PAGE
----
Tips for effective motivational communication:
- Listen rather than talk
- Reflect and do not just move on when the client speaks
- Focus on change talk and not sustain talk
- Support client self-efficacy / confidence
- Get permission or buy in before offering information and advice
What is it? A caregiver's statements that argue for or support change.
- Desires: want, would like, hope to do this or make this change
- Abilities: Can, am able, I could or believe I could do this
- Reasons: For my child, my health, my family
- Needs: Need to or must make this change
Commitment language: I am going to, will do it, promise to start next week
Responding to change talk: Highlight and emphasize their feelings in your reflections, affirm past success
What is it? A caregiver's statements that make a case or give a reason NOT to change.
DARN FOR SUSTAIN TALK
- NO desire: I do not want or desire to make this change
- Not able: I do not think I can do it, I tried and failed, I cannot do it
- Not convinced of reasons not sure change would be good, do not have a reason
- No need to change: I do not have any need to change this
Overwhelmed or unwilling: I cannot do this at this time with everything going on
Responding to Sustain Talk
- Strategic responding: emphasize autonomy, you are in charge, you have the choice to do this or not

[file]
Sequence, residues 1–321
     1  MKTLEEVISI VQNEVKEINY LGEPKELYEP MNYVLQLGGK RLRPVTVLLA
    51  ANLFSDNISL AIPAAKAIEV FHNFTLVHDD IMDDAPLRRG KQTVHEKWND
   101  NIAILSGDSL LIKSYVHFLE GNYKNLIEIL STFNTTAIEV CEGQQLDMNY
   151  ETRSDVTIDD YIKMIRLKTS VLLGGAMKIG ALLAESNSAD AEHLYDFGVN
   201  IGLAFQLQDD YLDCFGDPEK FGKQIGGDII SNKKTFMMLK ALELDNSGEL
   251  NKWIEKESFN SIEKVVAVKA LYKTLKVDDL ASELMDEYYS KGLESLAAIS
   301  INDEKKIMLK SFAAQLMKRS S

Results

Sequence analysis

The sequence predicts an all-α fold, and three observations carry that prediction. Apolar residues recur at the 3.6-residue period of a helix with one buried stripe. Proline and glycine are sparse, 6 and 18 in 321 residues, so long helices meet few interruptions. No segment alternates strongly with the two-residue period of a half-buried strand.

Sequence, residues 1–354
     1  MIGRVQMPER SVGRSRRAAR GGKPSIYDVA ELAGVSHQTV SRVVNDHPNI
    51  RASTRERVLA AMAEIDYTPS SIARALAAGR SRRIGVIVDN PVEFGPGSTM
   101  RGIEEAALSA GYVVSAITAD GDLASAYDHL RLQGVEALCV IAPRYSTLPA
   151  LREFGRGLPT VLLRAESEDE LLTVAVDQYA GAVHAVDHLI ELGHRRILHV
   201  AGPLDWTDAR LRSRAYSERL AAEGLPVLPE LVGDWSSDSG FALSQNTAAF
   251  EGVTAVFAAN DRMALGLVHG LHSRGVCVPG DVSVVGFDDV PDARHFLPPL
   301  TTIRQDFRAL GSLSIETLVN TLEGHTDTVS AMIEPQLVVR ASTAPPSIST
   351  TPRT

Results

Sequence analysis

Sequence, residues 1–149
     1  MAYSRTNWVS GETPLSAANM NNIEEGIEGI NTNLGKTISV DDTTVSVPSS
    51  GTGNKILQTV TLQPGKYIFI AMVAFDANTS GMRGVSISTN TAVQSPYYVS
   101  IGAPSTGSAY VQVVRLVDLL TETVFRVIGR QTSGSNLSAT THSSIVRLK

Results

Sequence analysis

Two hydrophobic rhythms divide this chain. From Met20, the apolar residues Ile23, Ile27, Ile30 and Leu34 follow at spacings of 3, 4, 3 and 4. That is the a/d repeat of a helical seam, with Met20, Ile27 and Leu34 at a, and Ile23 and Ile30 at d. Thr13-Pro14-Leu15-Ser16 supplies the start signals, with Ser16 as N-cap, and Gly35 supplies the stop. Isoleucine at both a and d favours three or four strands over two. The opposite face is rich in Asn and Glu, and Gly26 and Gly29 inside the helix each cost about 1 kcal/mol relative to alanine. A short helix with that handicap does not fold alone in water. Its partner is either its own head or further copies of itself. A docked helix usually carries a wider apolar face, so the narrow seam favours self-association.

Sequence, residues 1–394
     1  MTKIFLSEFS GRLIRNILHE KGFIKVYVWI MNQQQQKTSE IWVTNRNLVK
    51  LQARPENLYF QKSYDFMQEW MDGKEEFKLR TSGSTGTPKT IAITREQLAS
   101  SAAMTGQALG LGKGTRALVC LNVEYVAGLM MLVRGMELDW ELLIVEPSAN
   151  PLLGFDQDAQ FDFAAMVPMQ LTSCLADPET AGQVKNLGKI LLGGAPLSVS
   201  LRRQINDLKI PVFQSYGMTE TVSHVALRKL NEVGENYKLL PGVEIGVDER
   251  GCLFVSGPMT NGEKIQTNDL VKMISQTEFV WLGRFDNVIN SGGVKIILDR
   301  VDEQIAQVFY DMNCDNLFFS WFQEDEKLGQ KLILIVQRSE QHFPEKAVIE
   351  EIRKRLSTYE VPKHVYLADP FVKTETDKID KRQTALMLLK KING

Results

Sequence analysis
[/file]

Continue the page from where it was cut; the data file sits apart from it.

- Reflective Responding: Straight, Amplified, Double-Sided: reflect any change talk you can find, show you are listening to concerns, ambivalence, and arguments against change
As a general rule, ask for permission to offer information and share advice. Use the Elicit-Provide-Elicit framework:
Elicit: Ask them what they know and ask permission to provide additional information.
- Example: "You seem concerned about your older child's asthma attacks and wonder if there is more you can do to prevent them. I have some information about secondhand smoke that might be useful. Would it be ok if I shared that with you?"
Provide: Offer clear and important information. Support caregiver autonomy rather than telling them what to do.
- Example: "Children who are around cigarette smoke are more likely to have an asthma attack. The smoke acts as an irritant and trigger for asthma attacks."
Elicit: Ask what caregiver makes of the information provided.
- Example: "What do you think about this information?"
Here is an example of Elicit-Provide-Elicit